RESEARCH PAPER
Alantolactone and isoalantolactone suppress maximal electroshock-induced tonic seizures in mice
 
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1
Isobolographic Analysis Laboratory, Institute of Rural Health in Lublin, Poland
2
Department of Pathophysiology, Medical University of Lublin in Lublin, Poland
3
Department of Public Health, Institute of Rural Health in Lublin, Poland
CORRESPONDING AUTHOR
Jarogniew J. Łuszczki   

Institute of Rural Health, Jaczewskiego 2, 20–090 Lublin, Poland tel.: (+48) 81 718 44 88
 
J Pre Clin Clin Res. 2014;8(1):9–12
 
KEYWORDS
ABSTRACT
Introduction and objective:
The aim of this study was to perform the anticonvulsant screening test to determine whether two sesquiterpene lactones (alantolactone and isoalantolactone) isolated from herbs and medicinal plants offer a distinct protection against maximal electroshock (MES)-induced tonic seizures in mice.

Material and Methods:
The screening test was performed for alantolactone and isoalantolactone administered intraperitoneally in a constant dose of 300 mg/kg at 4 various pretreatment times (i.e., 15, 30, 60 and 120 min.) before the MES test. Tonic hind limb extension (seizure activity) was evoked in adult male albino Swiss mice by a current (sine-wave, 25 mA, 500 V, 50 Hz, 0.2 s stimulus duration) delivered via ear-clip electrodes. Subsequently, the median effective doses (ED50 values) for alantolactone and isoalantolactone were determined in the MES test in mice.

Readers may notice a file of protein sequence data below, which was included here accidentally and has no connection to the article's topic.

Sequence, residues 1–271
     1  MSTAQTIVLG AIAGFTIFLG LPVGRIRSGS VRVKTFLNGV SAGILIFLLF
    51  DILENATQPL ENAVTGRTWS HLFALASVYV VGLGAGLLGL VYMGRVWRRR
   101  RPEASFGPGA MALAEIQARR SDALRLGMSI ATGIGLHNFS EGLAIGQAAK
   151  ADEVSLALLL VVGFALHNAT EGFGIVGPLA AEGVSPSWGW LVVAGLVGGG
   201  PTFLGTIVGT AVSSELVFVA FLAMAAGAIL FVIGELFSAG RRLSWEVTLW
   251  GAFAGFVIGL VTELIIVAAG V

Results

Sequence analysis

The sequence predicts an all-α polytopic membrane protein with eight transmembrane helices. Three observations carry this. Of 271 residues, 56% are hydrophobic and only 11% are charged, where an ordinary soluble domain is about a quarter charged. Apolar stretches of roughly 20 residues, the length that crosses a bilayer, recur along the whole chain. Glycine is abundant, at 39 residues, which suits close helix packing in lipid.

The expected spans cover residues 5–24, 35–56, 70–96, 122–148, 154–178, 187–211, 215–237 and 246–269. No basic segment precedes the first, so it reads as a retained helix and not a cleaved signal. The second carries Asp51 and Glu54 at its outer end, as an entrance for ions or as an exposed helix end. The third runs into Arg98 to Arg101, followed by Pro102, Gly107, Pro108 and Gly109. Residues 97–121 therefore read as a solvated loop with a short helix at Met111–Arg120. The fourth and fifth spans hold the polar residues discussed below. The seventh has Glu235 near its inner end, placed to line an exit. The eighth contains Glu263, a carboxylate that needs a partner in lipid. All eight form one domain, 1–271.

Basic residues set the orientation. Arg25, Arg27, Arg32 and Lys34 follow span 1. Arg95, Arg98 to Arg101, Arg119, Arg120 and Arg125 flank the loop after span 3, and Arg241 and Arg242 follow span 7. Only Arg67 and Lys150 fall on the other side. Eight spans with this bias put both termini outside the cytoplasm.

Results:
In the screening test, both compounds produced a 37.5% protection against MES-induced tonic seizures in mice, when administered i.p. at 15 min. prior to the MES test. In contrast, alantolactone and isoalantolactone administered i.p. at 30, 60 and 120 min. prior to the test produced no anticonvulsant activity in mice subjected to the MES test. The experimentally-derived ED50 values for alantolactone and isoalantolactone, administered intraperitoneally at 15 min. before the MES test, were 322 (281–369) mg/kg and 336 (285–396) mg/kg, respectively.

Conclusions:
Alantolactone and isoalantolactone (2 sesquiterpene lactones) are worth considering as potentially favourable compounds in epileptology, if the results from this study could be extrapolated into clinical settings.

 
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